Sogreah completes design studies for Qatar port
The Sogreah project office in Grenoble that was opened in Jan. 2006 and devoted to performing the design studies for the extension to Ras Laffan port (Qatar) completed its tasks on 31 January. For a two-year period nearly 30 representatives of the owner, the joint venture of contractors and Sogreah worked together in Grenoble on designing the maritime structures for one of the largest ports in the world. Extending Ras Laffan port entails creating a vast 48 km2 harbour basin...
ECHIROLLES, France, Feb. 26, 2008 -- The Sogreah project office in Grenoble that was opened in Jan. 2006 and devoted to performing the design studies for the extension to Ras Laffan port (Qatar) completed its tasks on 31 January. For a two-year period nearly 30 representatives of the owner, the joint venture of contractors and Sogreah worked together in Grenoble on designing the maritime structures for one of the largest ports in the world.
In late 2005, Boskalis-Jan de Nul, the Dutch-Belgian consortium of contractors that was awarded the overall works contract, appointed Sogreah to perform all the design studies for the outer breakwaters and the defences of the various port reclamation areas.
Extending Ras Laffan port entails creating a vast 48 km2 harbour basin to shelter the loading terminals for gas carriers exporting methane from Qatar's North Field.
The works, costing almost $3bil, comprise building 23 km of protecting breakwaters at depths of up to 15 m, fabricating and placing 1 million m³ of concrete armouring blocks for these breakwaters, dredging 50 million m³ of material (a large proportion of which is bedrock), and protecting the inner reclamation areas over a total distance of 30 km.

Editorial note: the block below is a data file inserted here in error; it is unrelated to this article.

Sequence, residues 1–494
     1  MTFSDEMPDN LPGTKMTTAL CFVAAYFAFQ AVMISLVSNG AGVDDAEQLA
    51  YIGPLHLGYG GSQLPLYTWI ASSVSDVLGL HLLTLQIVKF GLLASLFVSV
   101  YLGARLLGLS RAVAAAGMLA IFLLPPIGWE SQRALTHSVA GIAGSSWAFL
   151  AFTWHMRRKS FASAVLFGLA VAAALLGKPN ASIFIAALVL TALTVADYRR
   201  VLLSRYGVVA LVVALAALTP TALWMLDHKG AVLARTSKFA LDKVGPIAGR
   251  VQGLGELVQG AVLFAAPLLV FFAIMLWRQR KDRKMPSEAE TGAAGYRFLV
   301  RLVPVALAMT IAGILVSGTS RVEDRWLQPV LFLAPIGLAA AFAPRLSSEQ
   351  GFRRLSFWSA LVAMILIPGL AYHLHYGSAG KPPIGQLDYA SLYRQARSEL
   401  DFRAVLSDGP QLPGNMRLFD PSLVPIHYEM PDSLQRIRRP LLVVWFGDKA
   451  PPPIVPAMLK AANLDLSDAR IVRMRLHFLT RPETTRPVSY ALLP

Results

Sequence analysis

The end client, Qatar Petroleum (QP), required the creation of an integrated project team comprising the QP, Boskalis-Jan de Nul and Sogreah personnel assigned to the project. The decision was taken to base the team in Grenoble, near Sogreah's head office and hydraulics laboratory. Office space totalling 500 m2 was rented for the purpose in Grenoble for two years to accommodate the thirty or so people assigned to the project, nearly half of whom came from Sogreah's Maritime branch.
Sogreah's hydraulics laboratory was used extensively during this period, 29 sections of the 23 km of breakwaters were studied and sized using wave flume models and five large three-dimensional wave tank models were required to study and validate the stability of specific points of the breakwaters under wave attack.
The very tight completion schedule (the port must be handed over at the end of 2008) meant that the contractors consortium had to tackle the design studies and works in parallel, requiring constant interaction between the site teams and the design team. A real-time data exchange unit was therefore set up to send reports, drawings, films of lab tests, etc. between Qatar, the project office and the lab throughout the design period.
Sogreah will remain involved until the works are completed, providing assistance to the contractors. Furthermore, CLI, a subsidiary of Sogreah, has signed a licence and technical assistance contract with the consortium of contractors for the use of AccropodeTM blocks to protect the breakwater sections most exposed to wave attack.
This colossal project is another major reference for Sogreah's Maritime Branch, which is enjoying sustained growth and has just been ranked 7th in the world's Top 10 port and maritime consultants by the American journal Engineering News Record.
With its head office in Grenoble, France, Sogreah is a major European independent consulting and engineering group specialising in the fields of water, environment, energy and urban development.